Drought Information Statement
Issued by NWS Rapid City, SD

Current Version | Previous Version | Graphics & Text | Print | Product List | Glossary Off
Versions: 1 2 3 4

606
AXUS73 KUNR 151710
DGTUNR

Drought Information Statement
National Weather Service Rapid City SD
1010 AM MDT Thu Feb 15 2018

...Drought Conditions Continue Across Western South Dakota...

SYNOPSIS...

Since October 1 2017, precipitation has varied from near average
across northeastern Wyoming to below average over much of the
western and south central South Dakota plains. Across the Black
Hills, the northern half of the Black Hills has seen below average
precipitation, while the southern half of the Black Hills has
received above average precipitation. Temperatures have been near
average across the area since October 1.

Snow cover across the plains ranges from little to no snowpack
across southern portions of northeast Wyoming and parts of southwest
and south central South Dakota to six to twelve inches across far
northeast Wyoming and northwest South Dakota. Snow water equivalent
is one inch to around two inches across far northeast Wyoming and
northwest South Dakota. Across the Black Hills and Bear Lodge
Mountains, snowpack and snow water equivalent are near average for
this time of year. March and April are typically the two snowiest
months, when a third of the seasonal snowfall usually happens.

The latest U.S. Drought Monitor depicts:

* Severe (D2) drought conditions covered Perkins, western Ziebach,
  eastern Butte, most of Meade, eastern Pennington, western Haakon,
  northern Jackson, northern Oglala Lakota, and far northeastern
  Fall River Counties.
* Moderate (D1) drought in South Dakota covered the rest of Butte,
  Meade, Pennington, Fall River, Oglala Lakota, Jackson, Haakon,
  Ziebach Counties, as well as Harding, Custer, eastern Lawrence,
  Bennett, western Todd, and western Mellette Counties. In
  northeastern Wyoming, Moderate (D1) drought conditions covered far
  northeastern Campbell and northern Crook Counties.
* Abnormally dry (D0) conditions covered the rest of Crook and
  northern Campbell Counties in northeastern Wyoming, as well as
  rest of western South Dakota.

SUMMARY OF IMPACTS...

Drought impacts continue to be reported by producers due to dry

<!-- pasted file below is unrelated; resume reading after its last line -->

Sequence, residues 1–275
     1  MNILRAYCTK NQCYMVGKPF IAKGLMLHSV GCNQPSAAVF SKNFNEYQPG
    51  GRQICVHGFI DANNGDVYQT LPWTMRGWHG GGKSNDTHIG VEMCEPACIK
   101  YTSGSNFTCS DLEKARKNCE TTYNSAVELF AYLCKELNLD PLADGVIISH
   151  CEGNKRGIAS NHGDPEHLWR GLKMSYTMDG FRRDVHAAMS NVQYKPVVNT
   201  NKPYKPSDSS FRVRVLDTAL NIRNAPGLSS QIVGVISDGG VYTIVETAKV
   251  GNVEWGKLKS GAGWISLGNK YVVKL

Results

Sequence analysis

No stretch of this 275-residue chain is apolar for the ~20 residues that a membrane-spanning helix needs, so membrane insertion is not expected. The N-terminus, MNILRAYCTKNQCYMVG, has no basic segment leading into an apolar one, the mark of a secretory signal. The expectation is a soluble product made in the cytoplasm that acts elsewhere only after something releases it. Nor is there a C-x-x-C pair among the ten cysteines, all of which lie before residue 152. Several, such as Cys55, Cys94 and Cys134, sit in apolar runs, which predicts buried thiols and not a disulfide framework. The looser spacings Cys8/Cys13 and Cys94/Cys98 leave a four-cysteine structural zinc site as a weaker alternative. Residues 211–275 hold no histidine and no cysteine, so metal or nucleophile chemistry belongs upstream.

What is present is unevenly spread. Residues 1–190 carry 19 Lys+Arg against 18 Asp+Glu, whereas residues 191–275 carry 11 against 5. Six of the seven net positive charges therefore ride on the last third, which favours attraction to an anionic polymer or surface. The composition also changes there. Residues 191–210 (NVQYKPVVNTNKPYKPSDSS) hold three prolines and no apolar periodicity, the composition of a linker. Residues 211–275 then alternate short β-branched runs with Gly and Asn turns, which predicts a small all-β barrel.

soils. Stock ponds and dugouts are dry or contain water of poor
quality. Numerous pasture and hay lands have not been able to
recover from the dry conditions over the summer.

CLIMATE SUMMARY...

So far in February, temperatures have been well below average and
precipitation has been above average. Average high temperatures for
February range from the lower 30s in northwestern South Dakota to
the lower 40s across southwestern South Dakota. Average lows range
from the lower teens across northwest South Dakota to near 20 across
southwest South Dakota. Average precipitation typically ranges from
a quarter to a half inch on the plains to an inch and a half over
the northern Black Hills.

PRECIPITATION/TEMPERATURE OUTLOOK...

Sea surface temperatures in the tropical Pacific Ocean are below
average, indicating La Nina conditions. The outlook for the spring
and summer is for La Nina conditions to trend toward El Nino
Southern Oscillation (ENSO) neutral conditions. For the Northern
Plains, this pattern typically favors near average temperatures and
precipitation through the spring.

The outlook for the rest of February shows below average
temperatures and above average precipitation. The three month
outlook for March, April, and May calls for near to below average
temperatures and near average precipitation

The U.S. Monthly Drought Outlook indicates drought conditions will
persist through early spring.

HYDROLOGIC SUMMARY AND OUTLOOK...

According to the Bureau of Reclamation, January end of month
reservoir elevations were above average at Angostura, Belle Fourche,
Deerfield, Keyhole, and Pactola while Shadehill Reservoir was below
average. January inflows into these reservoirs were mainly above
average, with the exceptions of inflows into Keyhole and Shadehill
which were below average. The January inflow into Shadehill
Reservoir was the lowest on record.

According to the U.S. Geological Survey 28-day average streamflow
compared to historical streamflow for the day of the year indicates
normal conditions across much of the area.

NEXT ISSUANCE...

The next drought statement will be issued in March 2018.

&&

ACKNOWLEDGMENTS...

The drought monitor is a multi-agency effort involving NOAA`s
National Weather Service and the National Centers for Environmental
Information, United States Department of Agriculture (USDA), State
and Regional Climate Centers, and the National Drought Mitigation
Center at the University of Nebraska-Lincoln. Information for this
statement has been gathered from the NWS and Federal Aviation
Administration observing sites, State Cooperative Extension
Services, United States Department of Agriculture, Bureau of
Reclamation, and the United States Geological Survey.

QUESTIONS OR COMMENTS...

If you have any questions or comments about this drought
information, please contact...

Melissa Smith
Service Hydrologist
National Weather Service
300 East Signal Drive
Rapid City South Dakota 57701
605-341-9271
melissa.smith@noaa.gov

RELATED WEB SITES...

U.S. Drought page...
http://www.drought.gov

South Dakota Climate and Weather Information...
http://climate.sdstate.edu

Wyoming Water and Climate Information...
http://www.wrds.uwyo.edu/

U.S. Drought Monitor...
http://droughtmonitor.unl.edu

River and Reservoir Information
NWS - http://water.weather.gov/ahps
USGS - http://www.usgs.gov/water
USBR - http://www.usbr.gov/gp/lakes_reservoirs

Climate Prediction Center...
http://www.cpc.ncep.noaa.gov

Black Hills Fire Restrictions...
http://blackhillsfirerestrictions.com

$$



USA.gov is the U.S. government's official web portal to all federal, state and local government web resources and services.